This fierce commentary on production-line-style creation, the nature of craft and typography is as true as it has ever been. To give a better taste of the style, the paragraph above continues,
But the question of colour must be considered. Even black can be made in a variety of tints ...
A deictic expression depends on the context of use, like saying "left" rather than "north" (that's a more-or-less thing). This is the most powerful word we have--it lets us express without naming, so long as we have a similar conception of what kind of things can be pointed at. (For example, we can discuss unseen landmarks because humans have a common understanding of what sort of features can be considered landmarks. This is informed by a landmark-recogniser in the brain and the world itself.) It's relative linking. But as it good as it is, we need absolute addresses too (see yesterday for an address typology). It's better still if we can switch between them:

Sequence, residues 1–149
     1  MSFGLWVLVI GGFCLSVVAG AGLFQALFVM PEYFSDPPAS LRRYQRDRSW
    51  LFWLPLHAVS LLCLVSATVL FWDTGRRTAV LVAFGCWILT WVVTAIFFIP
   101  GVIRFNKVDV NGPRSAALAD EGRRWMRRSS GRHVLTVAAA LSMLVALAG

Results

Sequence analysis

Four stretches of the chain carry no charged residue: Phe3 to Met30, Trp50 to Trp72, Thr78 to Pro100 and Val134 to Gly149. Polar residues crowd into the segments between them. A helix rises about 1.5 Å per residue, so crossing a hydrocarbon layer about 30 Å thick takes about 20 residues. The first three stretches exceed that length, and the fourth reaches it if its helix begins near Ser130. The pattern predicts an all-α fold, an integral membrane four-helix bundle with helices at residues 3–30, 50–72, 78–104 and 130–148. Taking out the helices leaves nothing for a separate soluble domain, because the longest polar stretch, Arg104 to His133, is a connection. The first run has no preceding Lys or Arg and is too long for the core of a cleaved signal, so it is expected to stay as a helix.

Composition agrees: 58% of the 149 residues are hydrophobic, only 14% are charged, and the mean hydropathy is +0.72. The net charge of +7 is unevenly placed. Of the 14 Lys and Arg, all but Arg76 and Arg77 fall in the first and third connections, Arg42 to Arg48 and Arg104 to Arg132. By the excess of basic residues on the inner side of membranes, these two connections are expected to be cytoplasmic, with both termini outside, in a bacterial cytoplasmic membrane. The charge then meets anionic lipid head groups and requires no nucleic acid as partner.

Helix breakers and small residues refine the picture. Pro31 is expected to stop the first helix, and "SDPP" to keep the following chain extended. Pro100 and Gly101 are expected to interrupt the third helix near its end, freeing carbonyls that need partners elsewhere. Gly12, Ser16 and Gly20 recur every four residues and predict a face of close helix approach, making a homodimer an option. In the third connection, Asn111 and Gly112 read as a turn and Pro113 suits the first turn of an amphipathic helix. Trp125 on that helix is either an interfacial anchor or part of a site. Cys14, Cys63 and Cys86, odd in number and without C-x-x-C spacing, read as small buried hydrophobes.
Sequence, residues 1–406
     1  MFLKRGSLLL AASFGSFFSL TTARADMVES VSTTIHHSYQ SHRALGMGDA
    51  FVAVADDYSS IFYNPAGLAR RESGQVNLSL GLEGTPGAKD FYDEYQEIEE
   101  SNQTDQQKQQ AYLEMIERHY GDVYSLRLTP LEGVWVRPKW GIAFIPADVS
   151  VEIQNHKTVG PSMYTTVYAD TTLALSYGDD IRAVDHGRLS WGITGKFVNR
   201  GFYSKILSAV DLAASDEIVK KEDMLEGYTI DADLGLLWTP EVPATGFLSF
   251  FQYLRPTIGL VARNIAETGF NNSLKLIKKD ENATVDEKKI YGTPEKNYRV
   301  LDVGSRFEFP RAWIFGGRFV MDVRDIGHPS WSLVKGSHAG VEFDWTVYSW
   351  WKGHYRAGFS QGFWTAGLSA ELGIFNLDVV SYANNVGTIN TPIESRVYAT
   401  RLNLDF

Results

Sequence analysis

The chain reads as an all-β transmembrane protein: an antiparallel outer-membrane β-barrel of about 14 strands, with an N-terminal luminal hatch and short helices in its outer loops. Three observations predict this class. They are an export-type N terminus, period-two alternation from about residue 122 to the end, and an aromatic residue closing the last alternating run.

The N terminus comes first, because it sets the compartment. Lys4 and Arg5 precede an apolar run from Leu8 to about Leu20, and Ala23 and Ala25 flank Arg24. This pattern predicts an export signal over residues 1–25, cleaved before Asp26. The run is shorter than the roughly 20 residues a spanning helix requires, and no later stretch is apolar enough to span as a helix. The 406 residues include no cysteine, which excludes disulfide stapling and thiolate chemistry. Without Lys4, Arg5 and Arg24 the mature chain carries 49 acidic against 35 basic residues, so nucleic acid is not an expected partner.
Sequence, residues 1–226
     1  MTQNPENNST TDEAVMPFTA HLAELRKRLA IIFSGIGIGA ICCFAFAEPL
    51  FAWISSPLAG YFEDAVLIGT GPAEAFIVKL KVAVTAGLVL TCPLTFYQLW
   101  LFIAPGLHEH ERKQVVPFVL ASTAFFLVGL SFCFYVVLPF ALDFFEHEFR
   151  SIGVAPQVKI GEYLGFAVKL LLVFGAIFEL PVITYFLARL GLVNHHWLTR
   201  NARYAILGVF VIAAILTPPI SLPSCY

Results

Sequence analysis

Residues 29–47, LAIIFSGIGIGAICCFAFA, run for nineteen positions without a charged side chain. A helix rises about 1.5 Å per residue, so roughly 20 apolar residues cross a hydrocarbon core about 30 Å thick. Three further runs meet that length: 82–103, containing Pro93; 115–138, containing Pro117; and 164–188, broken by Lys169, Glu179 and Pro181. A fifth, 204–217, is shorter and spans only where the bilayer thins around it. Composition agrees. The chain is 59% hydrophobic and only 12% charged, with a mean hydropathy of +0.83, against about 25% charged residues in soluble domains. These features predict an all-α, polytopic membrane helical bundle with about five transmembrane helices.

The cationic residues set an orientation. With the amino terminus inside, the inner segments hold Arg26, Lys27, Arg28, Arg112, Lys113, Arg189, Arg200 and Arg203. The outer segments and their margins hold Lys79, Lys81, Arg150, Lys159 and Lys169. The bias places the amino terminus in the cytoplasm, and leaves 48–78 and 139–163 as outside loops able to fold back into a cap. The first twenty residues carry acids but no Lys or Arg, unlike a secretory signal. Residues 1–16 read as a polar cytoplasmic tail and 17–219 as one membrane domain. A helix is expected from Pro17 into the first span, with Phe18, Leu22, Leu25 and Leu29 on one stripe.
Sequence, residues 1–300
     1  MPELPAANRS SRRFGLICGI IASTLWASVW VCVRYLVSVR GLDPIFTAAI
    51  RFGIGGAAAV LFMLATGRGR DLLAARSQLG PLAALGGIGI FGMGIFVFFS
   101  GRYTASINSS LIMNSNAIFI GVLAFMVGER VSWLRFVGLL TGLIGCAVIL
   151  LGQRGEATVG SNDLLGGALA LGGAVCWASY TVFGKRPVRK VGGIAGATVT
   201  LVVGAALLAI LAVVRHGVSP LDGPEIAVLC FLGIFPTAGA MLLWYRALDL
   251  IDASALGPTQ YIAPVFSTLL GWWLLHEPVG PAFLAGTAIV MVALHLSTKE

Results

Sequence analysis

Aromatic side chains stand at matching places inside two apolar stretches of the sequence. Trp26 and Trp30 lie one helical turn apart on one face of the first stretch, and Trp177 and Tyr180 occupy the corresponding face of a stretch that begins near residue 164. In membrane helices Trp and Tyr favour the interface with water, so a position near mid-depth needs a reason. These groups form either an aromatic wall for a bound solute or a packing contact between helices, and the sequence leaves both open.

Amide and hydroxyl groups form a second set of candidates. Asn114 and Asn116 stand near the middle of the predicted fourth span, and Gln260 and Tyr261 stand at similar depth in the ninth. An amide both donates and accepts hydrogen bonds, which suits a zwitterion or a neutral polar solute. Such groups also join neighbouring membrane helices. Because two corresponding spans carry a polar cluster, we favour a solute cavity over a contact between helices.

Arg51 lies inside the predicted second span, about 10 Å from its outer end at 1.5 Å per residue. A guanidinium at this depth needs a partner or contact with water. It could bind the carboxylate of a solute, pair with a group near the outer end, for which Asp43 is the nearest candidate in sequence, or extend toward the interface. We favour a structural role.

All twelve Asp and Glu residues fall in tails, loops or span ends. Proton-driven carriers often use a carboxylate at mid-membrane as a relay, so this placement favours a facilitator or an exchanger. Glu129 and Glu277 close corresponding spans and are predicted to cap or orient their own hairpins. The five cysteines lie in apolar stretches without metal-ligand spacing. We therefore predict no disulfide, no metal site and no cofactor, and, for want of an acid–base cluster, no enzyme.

Deictic signs are often useful--"you are here," "next bus in 10 minutes," "campground 200 yards ahead on the right"--but so too are less indexical representations ("4421 Hingston Avenue; 5.13 A.M. Wednesday, November 29, 1950"). That way lies external (derivative) representation, documents, and writing. Skill in using and creating signs involves appropriate combination. In particular, the problem with deictic signs in that the original difficult recurs: as soon as you drive off and become separated from the sign, it can no longer be immediate [...] As a result, complex cascades of registration, more and less deictic, are often useful, and sometimes essential. Thus you remember where the map is; the map "remembers" the directions to the lake. Or, more fully: you remember where the map is; the map "remembers" the directions to the road that runs by the lake; once there, effectively accessible (encounterable) road signs indicate the turnoff for the campground; at the campground addition (deictic) signs indicate exactly where to pitch your tent. And so on and so forth. -- Brian Cantwell Smith, On the Origin of Objects, p236.